• Published 2nd Jul 2018
  • 1,553 Views, 114 Comments

Menace to Propriety - PatchworkPoltergeist



As part of their joint effort to grow closer, come together as a family, and comply with their therapist, Diamond can choose a new pet. Any pet at all. (Terms and conditions may apply.)

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From Canterlot With Dove

Diamond’s stomach rumbled.

Beneath her chin, four dozen cupcakes lined a golden tray in a perfect grid. Each cake was shaped into a little heart with wings of sculpted sugar, edible glitter reflecting speckles of light across the silk tablecloth. A crystal centerpiece divided them by color, with sunny yellow icing on the left and periwinkle blue on the right.

To Diamond Tiara’s best guess, the colors represented the bride and groom, but why give the cupcakes wings if both ponies were unicorns? Something symbolic, probably. Or tradition. Or some other shallow excuse to cover up the fact that nopony remembered the real reason anymore and they just did it for the sake of doing it. Most weddings seemed to work that way.

She peered at the buffet table where Spoiled Rich snarled at one of her assistants. Spoiled probably knew, but it wouldn’t be worth bugging her in the middle of work.

Her stomach growled again. Diamond edged one step backward, eyes focused on the topiary garden occupying this section of the estate. Adults skimmed past in flowing gowns and slick tuxedos. Once or twice, somepony stopped to admire the frills in Diamond’s designer dress, but never for more than a second.

She took two steps backward.

That’s right, folks. Nothing to see here. Only a precious little filly keeping out of the way. An adorable wedding guest caught up in the pomp and circumstance of What’s-Her-Name and What’s-His-Face’s wedding. No different than any other pony. A blur in the crowd.

Three steps back.

The table brushed against Diamond’s rump. Her hoof dusted the edge of the closest cake and cupped around it. She kept her eyes on the flood of ponies rushing around her. None of them bothered to look past their own nose, and even if they did, who’d miss one little cake?

Slowly, she dragged the cupcake off the tray. Closer… closer… yes! After a quick check to see if the coast was clear, she licked her lips and lifted the cupcake to her muzzle.

“Put it back.” Spoiled Rich’s eyes never left the clipboard. A winged shadow passed over the pages of numbers and schedules flipping under her polished hoof. “Tell me something good, Valentide.”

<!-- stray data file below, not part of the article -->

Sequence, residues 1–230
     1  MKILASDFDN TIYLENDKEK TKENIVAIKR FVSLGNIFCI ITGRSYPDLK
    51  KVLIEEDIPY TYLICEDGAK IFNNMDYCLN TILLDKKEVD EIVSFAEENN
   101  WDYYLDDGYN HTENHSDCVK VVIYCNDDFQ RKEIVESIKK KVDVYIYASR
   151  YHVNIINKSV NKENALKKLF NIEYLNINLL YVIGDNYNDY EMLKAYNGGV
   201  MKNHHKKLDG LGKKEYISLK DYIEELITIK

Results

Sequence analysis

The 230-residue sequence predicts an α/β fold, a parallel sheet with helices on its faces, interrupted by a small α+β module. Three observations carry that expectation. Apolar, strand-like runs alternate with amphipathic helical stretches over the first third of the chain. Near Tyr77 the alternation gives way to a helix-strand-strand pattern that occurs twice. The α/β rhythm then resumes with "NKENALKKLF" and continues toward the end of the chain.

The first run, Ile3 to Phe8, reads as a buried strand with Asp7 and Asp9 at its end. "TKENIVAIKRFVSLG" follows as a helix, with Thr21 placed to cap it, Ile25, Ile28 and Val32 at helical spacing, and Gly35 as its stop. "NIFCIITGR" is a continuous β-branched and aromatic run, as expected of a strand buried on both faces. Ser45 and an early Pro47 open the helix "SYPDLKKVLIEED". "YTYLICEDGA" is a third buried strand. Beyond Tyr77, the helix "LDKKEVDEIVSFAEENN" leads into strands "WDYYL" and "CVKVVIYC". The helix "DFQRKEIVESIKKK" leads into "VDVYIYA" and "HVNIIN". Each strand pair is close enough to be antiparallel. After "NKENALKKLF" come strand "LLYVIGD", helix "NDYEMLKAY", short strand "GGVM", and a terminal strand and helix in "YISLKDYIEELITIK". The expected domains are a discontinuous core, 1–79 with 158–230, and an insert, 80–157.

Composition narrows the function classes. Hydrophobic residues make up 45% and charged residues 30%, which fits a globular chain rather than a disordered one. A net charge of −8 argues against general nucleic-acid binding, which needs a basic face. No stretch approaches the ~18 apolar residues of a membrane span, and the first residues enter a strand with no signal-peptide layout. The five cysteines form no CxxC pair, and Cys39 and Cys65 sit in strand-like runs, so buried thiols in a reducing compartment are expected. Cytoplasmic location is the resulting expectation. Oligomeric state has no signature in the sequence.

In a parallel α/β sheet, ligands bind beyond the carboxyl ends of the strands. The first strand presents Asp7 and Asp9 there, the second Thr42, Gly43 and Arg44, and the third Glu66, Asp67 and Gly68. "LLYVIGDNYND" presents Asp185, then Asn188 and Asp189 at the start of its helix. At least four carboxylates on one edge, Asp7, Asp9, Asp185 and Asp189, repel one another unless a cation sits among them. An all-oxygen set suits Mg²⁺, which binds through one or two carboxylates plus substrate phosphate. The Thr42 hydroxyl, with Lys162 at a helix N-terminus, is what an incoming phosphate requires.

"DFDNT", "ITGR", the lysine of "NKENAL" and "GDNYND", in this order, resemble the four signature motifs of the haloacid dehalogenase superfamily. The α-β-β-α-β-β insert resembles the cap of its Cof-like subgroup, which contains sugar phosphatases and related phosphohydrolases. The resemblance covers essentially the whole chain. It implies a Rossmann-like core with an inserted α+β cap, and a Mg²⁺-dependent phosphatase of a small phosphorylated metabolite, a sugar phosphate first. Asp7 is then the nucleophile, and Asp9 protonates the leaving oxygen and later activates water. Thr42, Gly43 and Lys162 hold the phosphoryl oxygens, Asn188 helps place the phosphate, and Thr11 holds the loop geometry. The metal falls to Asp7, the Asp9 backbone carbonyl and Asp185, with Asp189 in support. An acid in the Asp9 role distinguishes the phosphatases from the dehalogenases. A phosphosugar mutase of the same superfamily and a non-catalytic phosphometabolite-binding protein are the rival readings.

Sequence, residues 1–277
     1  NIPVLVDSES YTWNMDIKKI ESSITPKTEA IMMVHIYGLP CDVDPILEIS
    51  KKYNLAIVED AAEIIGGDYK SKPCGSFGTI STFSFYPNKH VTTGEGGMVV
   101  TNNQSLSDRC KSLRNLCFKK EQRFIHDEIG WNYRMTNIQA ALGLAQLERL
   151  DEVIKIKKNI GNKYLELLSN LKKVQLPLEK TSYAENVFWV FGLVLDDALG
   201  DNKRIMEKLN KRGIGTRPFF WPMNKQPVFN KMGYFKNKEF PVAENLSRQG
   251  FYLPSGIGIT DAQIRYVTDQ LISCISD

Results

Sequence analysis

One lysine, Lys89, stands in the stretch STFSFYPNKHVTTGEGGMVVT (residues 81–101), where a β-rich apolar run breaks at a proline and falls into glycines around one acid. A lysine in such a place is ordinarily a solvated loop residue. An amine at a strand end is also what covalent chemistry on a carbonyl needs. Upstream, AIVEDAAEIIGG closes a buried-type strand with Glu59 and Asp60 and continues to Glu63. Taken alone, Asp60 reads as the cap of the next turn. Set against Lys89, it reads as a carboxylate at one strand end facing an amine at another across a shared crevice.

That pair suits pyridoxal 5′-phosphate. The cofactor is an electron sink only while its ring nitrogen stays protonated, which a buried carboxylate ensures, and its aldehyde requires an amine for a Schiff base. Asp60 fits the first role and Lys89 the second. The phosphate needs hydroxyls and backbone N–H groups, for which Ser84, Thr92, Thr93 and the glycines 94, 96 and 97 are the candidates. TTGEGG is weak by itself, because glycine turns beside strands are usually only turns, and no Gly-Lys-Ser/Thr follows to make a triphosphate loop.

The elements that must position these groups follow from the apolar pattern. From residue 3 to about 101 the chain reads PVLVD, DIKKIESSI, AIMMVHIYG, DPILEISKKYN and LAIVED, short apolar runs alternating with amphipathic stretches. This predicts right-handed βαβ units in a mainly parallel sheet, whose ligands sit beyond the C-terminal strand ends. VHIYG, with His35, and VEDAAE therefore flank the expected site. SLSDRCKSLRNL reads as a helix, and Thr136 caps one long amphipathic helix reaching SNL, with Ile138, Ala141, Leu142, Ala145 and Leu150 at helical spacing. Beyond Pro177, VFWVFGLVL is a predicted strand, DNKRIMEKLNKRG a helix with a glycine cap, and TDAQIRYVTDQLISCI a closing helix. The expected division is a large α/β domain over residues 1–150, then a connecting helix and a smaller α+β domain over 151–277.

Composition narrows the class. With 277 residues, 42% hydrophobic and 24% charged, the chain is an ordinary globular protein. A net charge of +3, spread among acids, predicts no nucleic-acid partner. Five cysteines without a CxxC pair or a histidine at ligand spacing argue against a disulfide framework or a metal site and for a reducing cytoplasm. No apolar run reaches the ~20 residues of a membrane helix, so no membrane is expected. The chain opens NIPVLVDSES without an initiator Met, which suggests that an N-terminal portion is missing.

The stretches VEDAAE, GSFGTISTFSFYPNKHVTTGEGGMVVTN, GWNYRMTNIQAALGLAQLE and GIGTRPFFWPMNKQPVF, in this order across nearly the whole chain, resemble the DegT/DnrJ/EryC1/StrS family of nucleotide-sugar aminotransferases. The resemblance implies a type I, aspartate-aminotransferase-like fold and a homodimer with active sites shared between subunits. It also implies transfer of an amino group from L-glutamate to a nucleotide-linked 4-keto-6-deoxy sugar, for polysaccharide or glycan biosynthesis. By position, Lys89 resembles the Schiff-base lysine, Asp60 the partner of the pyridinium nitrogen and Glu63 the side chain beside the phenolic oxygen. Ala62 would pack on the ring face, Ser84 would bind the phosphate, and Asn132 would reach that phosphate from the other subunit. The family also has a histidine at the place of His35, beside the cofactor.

A red pegasus hovered above the buffet, her white tail curled up to avoid the parfaits. “The last of the bridesmaids finally arrived, but now we miiiight have another problem.”

Spoiled rolled her eyes. “Well, of course we do.”

“There’s no need to panic, but it seems as though she got just a teensy bit confused about the dress code.” Valentide rubbed the sweat under her lace collar. “She, um, showed up in apricot pink instead of salmon and wants to know if she needs to change.”

Spoiled’s chin snapped up. “Oh, of all the stupid—of COURSE she needs to change! We can’t have eleven salmon dresses and one apricot; she’ll stick out like a twisted hoof. At least tell me we still have the backup dress.” She flicked an ear and glared at the cupcake in Diamond’s hoof. “Diamond Tiara, don’t make me tell you twice. I’ve got enough to worry about without you ruining the buffet. And get off the walkway, you’re underhoof.”

Diamond wrinkled her nose and put the cupcake back. “Fine.” I wouldn’t be underhoof if you just let me stay home by myself.

“Put it back without the attitude.”

“Yes, Mother.”

Diamond stepped off the stone sidewalk, frowning at her hooves. Five bits said Spoiled would find something wrong with that, too. “Don’t sulk in front of the guests, Diamond. You’re carrying your tail too low, Diamond. No, don’t carry it that high, Diamond. You’re breathing too loud, Diamond." Sheesh.

Her stomach growled again. This morning’s fruit and cereal had already become a distant memory. The buffet sparkled in the corner of Diamond’s eye.

Spoiled wheeled on the red pegasus. “Well? Do we have it or not?”

“We do, but, uh… the dress is a size three.” Valentide squirmed in her designer shoes. “She’s a nine.”

“Tell Tux to have her dressed and in position in ten.” Spoiled went back to flipping through the wedding list, checking off items as she went.

Behind her, Diamond reached for the candied roses.

“But Mrs. Rich, it doesn’t fit!”

“Then the whale should have thought of that before she showed up twenty minutes late in apricot. We’ll make it fit. There’s got to be a corset somewhere arou—Diamond Dazzle Tiara what did I JUST tell you?!”

Diamond clutched the candied petals and met her stepmother’s glare. “You said not to touch the cupcakes. Nopony’s gonna miss a couple of petals.”

Spoiled stepped forward.

The petals dropped from Diamond’s hoof. “Fine, what about the cheese plate? The salad bar? I’m starving.”

“I told you to eat before we left—” Spoiled closed her eyes and breathed slowly through her nose. When she unclenched her teeth, she spoke with calculated patience. “Diamond. Sweetheart.”

The “sweethearts” only came out during a crisis or before getting the riot act. This sounded like both. Diamond braced.

“Sweetheart, you can have something after the ceremony’s over and the buffet opens. It’s only another hour or so.” She scowled in the pool house’s direction. “Assuming we get this dress issue sorted out in time.”